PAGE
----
Believe me, I know what it’s like to be busy. I am addicted to working, and I’m not even joking about that (if I were, I wouldn’t have repeated it so many times on this blog). I commit to way too many things, which means making time for my own writing is HARD. I’m so tired after dinner that I do not want to do any more work. So what do I do? I write for a few hours. Never past 8:00. Then I spend a few hours doing whatever it is I do on YouTube for hours at a time (shrug), because that is my fun and social time. And then … guess what? I go to sleep.

Then I wake up and do it all over again.

I always get my personal writing in (journaling, novellas, my novel). Sometimes that means I have to skip watching a show and watch it online later, or I have to tell a friend, “Hey, I’m in the middle of something right now, can we set up a time to catch up a little later this week?”

Some days, after writing all day for clients, I don’t want to write anymore. Some nights, I’m so engrossed in what I’m doing that I don’t want to go to bed. But I have to. Because then I’ll turn into one of those people who counts the hours until 5:00 on Friday hits and whines on Sunday nights because – the horror! – Monday is coming. And I refuse to be one of those people.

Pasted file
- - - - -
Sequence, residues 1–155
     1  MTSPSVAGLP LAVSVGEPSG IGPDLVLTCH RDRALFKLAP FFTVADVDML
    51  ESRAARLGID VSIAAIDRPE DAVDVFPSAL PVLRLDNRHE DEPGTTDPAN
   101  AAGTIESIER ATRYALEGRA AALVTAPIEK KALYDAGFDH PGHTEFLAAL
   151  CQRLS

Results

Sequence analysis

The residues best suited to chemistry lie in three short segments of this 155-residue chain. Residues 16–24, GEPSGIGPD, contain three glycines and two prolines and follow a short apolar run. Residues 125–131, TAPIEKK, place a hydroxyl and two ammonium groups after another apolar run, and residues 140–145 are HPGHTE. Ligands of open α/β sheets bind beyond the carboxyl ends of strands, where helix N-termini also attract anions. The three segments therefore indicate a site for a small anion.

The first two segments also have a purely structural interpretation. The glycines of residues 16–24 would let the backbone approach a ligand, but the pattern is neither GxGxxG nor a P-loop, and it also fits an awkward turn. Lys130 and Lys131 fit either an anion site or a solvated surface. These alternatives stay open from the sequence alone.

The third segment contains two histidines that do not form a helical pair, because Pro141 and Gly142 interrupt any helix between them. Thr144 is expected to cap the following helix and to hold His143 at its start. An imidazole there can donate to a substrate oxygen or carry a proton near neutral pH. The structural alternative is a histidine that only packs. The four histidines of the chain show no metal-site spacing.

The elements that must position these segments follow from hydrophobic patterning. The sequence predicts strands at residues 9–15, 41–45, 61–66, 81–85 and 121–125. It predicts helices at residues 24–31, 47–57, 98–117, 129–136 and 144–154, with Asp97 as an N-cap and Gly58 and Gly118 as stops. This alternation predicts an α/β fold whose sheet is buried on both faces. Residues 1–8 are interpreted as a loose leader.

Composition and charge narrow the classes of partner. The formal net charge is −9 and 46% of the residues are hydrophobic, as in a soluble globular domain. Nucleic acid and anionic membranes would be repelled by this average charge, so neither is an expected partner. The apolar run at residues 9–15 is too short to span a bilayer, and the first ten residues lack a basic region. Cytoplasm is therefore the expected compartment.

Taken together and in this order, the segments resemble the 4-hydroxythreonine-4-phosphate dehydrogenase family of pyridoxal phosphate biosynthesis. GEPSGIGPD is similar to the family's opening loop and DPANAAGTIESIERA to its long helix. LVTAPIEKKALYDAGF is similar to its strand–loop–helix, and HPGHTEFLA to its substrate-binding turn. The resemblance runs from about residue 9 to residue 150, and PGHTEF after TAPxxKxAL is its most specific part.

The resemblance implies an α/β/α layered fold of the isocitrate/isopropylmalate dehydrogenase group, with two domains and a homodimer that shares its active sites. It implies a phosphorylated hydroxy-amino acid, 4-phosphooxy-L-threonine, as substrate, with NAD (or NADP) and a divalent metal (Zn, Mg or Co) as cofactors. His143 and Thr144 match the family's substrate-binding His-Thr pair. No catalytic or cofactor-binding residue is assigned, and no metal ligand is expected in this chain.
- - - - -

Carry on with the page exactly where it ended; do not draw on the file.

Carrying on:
The same way I refuse to return to my days of walking around proud of my sleep deprivation. Because it isn’t something to be proud of. It’s unhealthy, it’s unproductive, and it doesn’t make me any more of a hard worker just because I put off my personal projects until midnight.

Granted, I don’t have my own family I’m responsible for or even my own apartment, so I don’t have a lot of the same responsibilities many of you out there might have (yet). But I do know how hard it is. That’s one of the reasons one thing we talk a lot on here about is how to find time to write. It’s a struggle. I get that.

But of all the things you could give up, please don’t let it be sleep. Your writing is going to suffer. Your energy and happiness is going to suffer. When I worked full-time in an office and had to commute into the city and back five days a week, I wrote on the train while balancing coffee in my lap at seven in the morning. I wasn’t awake enough to do it – because I’d only been up for an hour, after sleeping for seven – but I made it work. I made sleep a priority. And so should you!